He’s been a producer to Elvis Presley and U2, an Arthur Murray dance instructor, best friend to Johnny Cash, Sam Phillips’ right-hand man, a U.S. Marine, a slasher-film producer, and he discovered Jerry Lee Lewis, Charley Pride and Townes Van Zandt. This off-the-wall feature about legendary Nashville record producer/performer/artist Cowboy Jack Clement tells the story of his amazing career via home movies longtime friends Johnny Cash, Waylon Jennings, John Prine, Bono and many more. Riding the trail between Monty Python and Blazing Saddles, this film inspires with lessons of creativity, mortality, and the risk and glory of a self-made life.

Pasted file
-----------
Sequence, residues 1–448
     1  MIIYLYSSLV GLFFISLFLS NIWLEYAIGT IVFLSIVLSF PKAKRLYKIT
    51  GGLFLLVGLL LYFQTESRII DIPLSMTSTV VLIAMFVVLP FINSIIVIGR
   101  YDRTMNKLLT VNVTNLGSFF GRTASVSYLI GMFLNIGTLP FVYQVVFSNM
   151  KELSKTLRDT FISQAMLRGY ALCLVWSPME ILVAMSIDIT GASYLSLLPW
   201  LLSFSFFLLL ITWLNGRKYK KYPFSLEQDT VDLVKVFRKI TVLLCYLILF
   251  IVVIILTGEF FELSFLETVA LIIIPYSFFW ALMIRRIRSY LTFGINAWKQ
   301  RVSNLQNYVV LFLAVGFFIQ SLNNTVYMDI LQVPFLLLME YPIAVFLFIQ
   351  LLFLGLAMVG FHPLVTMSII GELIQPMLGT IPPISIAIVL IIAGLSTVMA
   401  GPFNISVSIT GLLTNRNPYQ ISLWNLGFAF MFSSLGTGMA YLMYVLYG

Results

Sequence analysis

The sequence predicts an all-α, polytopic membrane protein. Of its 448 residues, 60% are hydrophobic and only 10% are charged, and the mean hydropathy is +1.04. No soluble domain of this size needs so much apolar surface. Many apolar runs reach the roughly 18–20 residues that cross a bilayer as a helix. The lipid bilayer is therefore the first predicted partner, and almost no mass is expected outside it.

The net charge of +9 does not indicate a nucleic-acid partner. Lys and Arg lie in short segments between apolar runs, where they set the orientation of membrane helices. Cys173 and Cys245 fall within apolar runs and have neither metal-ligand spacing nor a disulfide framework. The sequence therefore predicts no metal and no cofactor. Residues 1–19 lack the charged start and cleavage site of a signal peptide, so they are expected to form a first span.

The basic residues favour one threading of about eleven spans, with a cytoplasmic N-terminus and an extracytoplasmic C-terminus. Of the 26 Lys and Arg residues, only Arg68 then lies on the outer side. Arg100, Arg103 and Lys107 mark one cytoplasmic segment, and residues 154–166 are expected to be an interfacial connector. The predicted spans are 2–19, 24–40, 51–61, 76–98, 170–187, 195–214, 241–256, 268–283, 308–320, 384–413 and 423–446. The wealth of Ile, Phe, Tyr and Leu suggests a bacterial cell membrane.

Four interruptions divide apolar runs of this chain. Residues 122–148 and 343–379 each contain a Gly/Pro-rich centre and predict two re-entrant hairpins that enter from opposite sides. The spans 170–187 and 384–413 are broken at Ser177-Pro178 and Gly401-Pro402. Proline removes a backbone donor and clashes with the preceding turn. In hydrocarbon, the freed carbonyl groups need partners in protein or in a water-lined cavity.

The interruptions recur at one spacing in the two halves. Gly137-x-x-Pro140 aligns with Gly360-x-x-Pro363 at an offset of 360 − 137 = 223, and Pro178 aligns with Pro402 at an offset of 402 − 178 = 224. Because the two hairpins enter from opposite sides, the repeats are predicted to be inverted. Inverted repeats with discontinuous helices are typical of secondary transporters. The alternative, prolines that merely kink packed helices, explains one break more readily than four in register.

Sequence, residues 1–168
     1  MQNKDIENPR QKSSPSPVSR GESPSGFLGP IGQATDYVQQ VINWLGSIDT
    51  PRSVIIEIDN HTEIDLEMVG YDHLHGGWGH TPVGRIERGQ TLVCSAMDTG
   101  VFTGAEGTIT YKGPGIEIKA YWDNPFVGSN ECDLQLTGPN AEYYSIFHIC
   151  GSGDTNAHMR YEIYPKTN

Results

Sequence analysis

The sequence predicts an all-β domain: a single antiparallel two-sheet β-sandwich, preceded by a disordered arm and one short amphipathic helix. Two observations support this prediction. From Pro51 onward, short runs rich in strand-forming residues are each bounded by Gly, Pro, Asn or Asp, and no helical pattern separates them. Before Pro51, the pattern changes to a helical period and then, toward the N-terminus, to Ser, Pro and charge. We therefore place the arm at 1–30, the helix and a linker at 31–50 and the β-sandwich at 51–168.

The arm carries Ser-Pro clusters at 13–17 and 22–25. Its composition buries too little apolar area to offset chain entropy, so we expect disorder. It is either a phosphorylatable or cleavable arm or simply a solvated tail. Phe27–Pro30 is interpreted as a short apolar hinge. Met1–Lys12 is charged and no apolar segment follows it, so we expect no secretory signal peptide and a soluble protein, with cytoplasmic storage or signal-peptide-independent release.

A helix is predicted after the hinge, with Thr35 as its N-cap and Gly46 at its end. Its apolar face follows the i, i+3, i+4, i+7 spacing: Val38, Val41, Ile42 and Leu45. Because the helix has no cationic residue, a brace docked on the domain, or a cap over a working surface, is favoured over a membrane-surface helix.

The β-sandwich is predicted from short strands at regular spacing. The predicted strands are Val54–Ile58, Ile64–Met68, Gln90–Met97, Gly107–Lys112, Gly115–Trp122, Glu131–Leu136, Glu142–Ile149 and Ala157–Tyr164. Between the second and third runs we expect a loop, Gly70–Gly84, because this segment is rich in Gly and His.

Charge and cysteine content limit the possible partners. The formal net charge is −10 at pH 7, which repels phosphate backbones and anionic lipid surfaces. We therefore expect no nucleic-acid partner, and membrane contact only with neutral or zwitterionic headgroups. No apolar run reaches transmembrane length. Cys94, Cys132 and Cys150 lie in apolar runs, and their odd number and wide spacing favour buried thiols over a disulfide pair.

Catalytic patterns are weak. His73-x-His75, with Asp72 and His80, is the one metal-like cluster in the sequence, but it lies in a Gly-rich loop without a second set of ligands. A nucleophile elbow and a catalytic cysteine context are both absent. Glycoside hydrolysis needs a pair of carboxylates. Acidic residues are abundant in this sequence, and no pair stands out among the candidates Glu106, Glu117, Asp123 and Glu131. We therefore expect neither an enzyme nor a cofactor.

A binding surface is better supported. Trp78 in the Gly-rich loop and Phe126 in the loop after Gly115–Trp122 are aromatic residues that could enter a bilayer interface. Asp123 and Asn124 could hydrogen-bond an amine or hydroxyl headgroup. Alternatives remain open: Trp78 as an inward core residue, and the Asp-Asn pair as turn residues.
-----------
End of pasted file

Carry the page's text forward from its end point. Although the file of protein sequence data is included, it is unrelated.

In this most unorthodox documentary about a most unorthodox man, ‘Cowboy’ Jack Clement comes alive as a maverick entrepreneur and madcap jester of the country music industry. Jack Clement began working at Sun Records for Sam Phillips, who made music history when he made a record of a white guy who sounded like a black guy-Elvis Presley. Soon Clement did something similar, producing 20 gold records for Charley Pride, a black guy who sounded white. He went on to produce and write songs for some of the biggest – Parton to George Jones. And became friends with many of them. But Clement not only had the friendships, he documented them on film and video- for decades. The footage of a relaxed Cash, caught in private moments with one of his best friends, is worth the price of admission (as is the footage of Bono doing his Brando impersonation). Over those years, Clement made millions-and lost them just as easily, usually by investing in some harebrained scheme. And again, Clement documented the whole damn thing. Directors Morgan Neville and Robert Gordon combine thirty years of Clement’s home movies with new footage and offbeat asides for one of the liveliest documentaries about one of the liveliest talents ever to be captured on screen. — Tribeca Film Festival synopsis